How I Learned To Love The Skin I'm In
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Politics and Activism

How I Learned To Love The Skin I'm In

I embraced my appearance, melanin and all.

How I Learned To Love The Skin I'm In
Mercury News

It took me 19 years to love the skin I'm in.

I mean as a young child I had nothing against it I'm sure, it was just there, getting little scrapes from playing too hard, and me blissfully ignorant to the importance it would one day hold to me. But then of course, I grew up. This summer and in this past year I learned to love the skin I’m in. I don’t mean that in a metaphorical sense meaning loving my whole body more or being comfortable in my body (although those sentiments definitely go along with it), but I literally mean my skin. I learned to fall in love with my golden-brown, mixed-girl skin, and frankly, it took me long enough.

To give some background, I grew up in a very small, very rural, very white town. Yeah you’re probably thinking of the right idea, corn fields and Trump signs and the occasional Confederate flag even though we couldn’t live much further north and still be in America, that town. And that lead to some personal struggles which I’ve spent my college days sorting out.

It’s hard enough when you notice you’re different than everyone else, when you're growing up that’s it’s own struggle. For me it was around Middle School. And when you’re so young and insecure you hope to hear from the community around you, your peers, words of reassurance, or at least a show that they couldn’t care less. That wasn’t what I heard. Instead it was echoes upon echoes of things like this:

“I would never date a black girl”

“I mean you’re pretty… for a black girl.”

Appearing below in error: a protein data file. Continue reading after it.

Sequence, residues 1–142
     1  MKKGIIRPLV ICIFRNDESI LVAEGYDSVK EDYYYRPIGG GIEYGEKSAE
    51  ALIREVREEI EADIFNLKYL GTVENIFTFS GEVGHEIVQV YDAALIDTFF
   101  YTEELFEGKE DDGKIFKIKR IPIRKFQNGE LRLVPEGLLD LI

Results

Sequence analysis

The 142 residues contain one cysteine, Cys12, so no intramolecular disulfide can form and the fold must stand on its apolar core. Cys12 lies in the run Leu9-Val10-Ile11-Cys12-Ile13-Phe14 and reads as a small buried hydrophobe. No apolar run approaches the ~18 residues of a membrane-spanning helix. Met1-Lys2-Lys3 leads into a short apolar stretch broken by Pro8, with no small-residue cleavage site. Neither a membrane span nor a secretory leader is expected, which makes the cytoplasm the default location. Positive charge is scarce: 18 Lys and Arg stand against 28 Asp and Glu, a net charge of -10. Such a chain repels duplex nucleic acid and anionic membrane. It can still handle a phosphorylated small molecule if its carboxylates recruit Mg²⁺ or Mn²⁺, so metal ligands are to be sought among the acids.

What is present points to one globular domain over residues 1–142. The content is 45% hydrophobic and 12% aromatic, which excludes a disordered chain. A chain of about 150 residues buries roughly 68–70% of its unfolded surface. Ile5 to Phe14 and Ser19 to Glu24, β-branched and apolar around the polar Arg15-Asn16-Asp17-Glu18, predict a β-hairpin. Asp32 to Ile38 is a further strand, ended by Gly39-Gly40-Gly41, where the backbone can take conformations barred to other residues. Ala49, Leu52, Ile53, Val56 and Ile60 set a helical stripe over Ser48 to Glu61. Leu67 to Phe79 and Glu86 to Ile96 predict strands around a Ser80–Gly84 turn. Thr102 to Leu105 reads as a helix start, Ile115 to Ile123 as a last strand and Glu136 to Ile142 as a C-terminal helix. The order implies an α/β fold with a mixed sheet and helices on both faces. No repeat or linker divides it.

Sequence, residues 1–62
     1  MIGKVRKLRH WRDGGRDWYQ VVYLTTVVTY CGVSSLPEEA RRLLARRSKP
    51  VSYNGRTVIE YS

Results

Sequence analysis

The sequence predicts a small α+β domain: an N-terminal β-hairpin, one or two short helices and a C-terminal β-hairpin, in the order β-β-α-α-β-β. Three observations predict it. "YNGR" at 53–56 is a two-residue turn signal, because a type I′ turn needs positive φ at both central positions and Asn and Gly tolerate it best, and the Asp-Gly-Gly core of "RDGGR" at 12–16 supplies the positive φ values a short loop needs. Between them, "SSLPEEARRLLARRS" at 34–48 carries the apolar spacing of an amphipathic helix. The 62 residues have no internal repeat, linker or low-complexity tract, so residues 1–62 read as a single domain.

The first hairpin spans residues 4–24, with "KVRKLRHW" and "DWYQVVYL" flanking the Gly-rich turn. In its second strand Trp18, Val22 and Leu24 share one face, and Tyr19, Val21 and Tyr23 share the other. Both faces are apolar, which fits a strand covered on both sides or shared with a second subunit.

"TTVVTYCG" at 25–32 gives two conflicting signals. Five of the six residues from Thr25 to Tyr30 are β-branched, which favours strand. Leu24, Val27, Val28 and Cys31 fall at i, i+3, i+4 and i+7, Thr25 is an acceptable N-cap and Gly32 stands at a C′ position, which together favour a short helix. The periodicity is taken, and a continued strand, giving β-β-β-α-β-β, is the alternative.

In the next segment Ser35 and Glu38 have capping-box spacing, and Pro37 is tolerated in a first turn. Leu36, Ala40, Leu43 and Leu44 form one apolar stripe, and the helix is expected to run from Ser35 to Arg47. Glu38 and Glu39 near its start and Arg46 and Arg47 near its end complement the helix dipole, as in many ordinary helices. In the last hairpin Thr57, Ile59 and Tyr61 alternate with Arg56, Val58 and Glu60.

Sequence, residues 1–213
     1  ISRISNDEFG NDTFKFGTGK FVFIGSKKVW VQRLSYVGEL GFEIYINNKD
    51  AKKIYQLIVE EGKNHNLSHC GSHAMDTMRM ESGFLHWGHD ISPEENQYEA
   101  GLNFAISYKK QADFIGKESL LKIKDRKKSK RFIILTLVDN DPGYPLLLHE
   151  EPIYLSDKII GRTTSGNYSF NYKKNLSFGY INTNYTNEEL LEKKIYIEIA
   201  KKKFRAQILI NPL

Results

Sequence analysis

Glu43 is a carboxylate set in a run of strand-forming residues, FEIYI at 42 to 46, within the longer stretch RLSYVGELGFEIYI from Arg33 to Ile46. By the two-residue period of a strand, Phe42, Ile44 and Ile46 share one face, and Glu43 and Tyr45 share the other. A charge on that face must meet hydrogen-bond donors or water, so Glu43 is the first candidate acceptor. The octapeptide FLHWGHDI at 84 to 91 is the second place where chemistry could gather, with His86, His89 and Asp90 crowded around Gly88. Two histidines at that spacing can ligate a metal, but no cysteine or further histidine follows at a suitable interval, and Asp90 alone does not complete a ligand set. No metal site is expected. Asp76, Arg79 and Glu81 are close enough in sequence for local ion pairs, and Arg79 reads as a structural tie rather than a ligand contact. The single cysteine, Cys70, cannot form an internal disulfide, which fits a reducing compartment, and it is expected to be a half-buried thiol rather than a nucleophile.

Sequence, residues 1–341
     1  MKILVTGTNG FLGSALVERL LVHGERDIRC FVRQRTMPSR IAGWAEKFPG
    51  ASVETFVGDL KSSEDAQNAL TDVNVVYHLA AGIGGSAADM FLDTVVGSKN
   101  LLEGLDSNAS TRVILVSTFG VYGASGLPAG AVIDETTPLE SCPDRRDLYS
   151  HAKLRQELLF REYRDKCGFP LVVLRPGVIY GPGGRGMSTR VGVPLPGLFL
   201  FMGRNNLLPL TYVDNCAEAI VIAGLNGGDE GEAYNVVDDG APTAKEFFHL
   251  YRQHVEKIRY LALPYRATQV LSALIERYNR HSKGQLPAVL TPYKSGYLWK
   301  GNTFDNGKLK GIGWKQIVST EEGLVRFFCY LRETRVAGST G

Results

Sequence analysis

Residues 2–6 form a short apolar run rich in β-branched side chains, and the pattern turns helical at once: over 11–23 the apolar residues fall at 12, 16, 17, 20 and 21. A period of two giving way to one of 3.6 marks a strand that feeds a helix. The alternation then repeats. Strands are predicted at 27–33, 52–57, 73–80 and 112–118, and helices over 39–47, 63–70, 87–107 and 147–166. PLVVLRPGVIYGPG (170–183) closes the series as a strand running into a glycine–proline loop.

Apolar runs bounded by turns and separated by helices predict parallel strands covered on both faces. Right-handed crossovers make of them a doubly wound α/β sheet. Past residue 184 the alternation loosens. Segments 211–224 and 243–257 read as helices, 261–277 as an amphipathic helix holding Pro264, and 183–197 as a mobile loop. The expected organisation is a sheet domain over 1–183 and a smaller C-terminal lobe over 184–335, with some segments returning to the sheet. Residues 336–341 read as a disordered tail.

“Yeah, I know you’re half white but that doesn’t really count.”

And when I did start seeing someone even he received taunts, “races shouldn’t mix” being probably the most blatantly racist, but also lesser things, smaller comments, from his friends even. And for the longest time I tried to not let any of it make me angry, of course as I got older and the more I heard these things, sometimes it did, and sometimes I made it known, but for the most part, and from early on I said nothing, and I turned it inwards.

Summer was the hardest time. While all my friends strived to get as dark as me, laying out in the sun, I slathered on the highest SPF I could find. Not because I would burn—a kind gift from my melanin, I never burn— but because I didn’t want to tan, I wanted to hide from the sun. When I wasn’t with my friends I stayed inside as much as possible, and I dreaded soccer or cross country practices, where I would undoubtedly tan regardless of how much sunscreen I coated myself with. I didn’t want to be any darker than I had to. And it would work. At school’s start in September many of my tan-loving friends would come in and actually be darker than me, and it’d make me feel better for just a little while, but of course it didn’t actually change anything. Didn’t change outside opinions or my own.

My mom always tells me, “if someone says something unkind to you and it makes you angry, maybe there’s something inside of you that agrees with what they said.” And I think in some ways she was right. I’d spent so long trying to not get angry at these words that I accidentally started to accept them myself, and then it made me angry. I hated my skin, I hated my giant curly hair, I hated these things that made me different.

But then I came to college. And things were different, people were different. I haven't heard the words “You’re pretty for a black girl” in over a year. People consider my ethnic background—all of it, not just the African side—just an interesting factoid, a small part of a bigger picture, instead of a game changer. And my appearance is just my appearance. And that felt amazing to me. Of course these changes didn’t fix how I felt, I had to do that myself. But those comments and the absence of degrading outside opinions allowed me to focus on my own opinions of me instead of everyone else’s. And over time, I did. I realized how much I loved my curly hair, and I wore it with pride. I realized how letting myself go out in the sun and get a little tan actually made my skin glow. I learned that my melanin was not my enemy. And over time I learned to love the skin I’m in. I no longer avoid the sun in the summer, or hope and pray for cloudy days, I just live. And let the things that make me different do just what they’re supposed to.

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This article has not been reviewed by Odyssey HQ and solely reflects the ideas and opinions of the creator.
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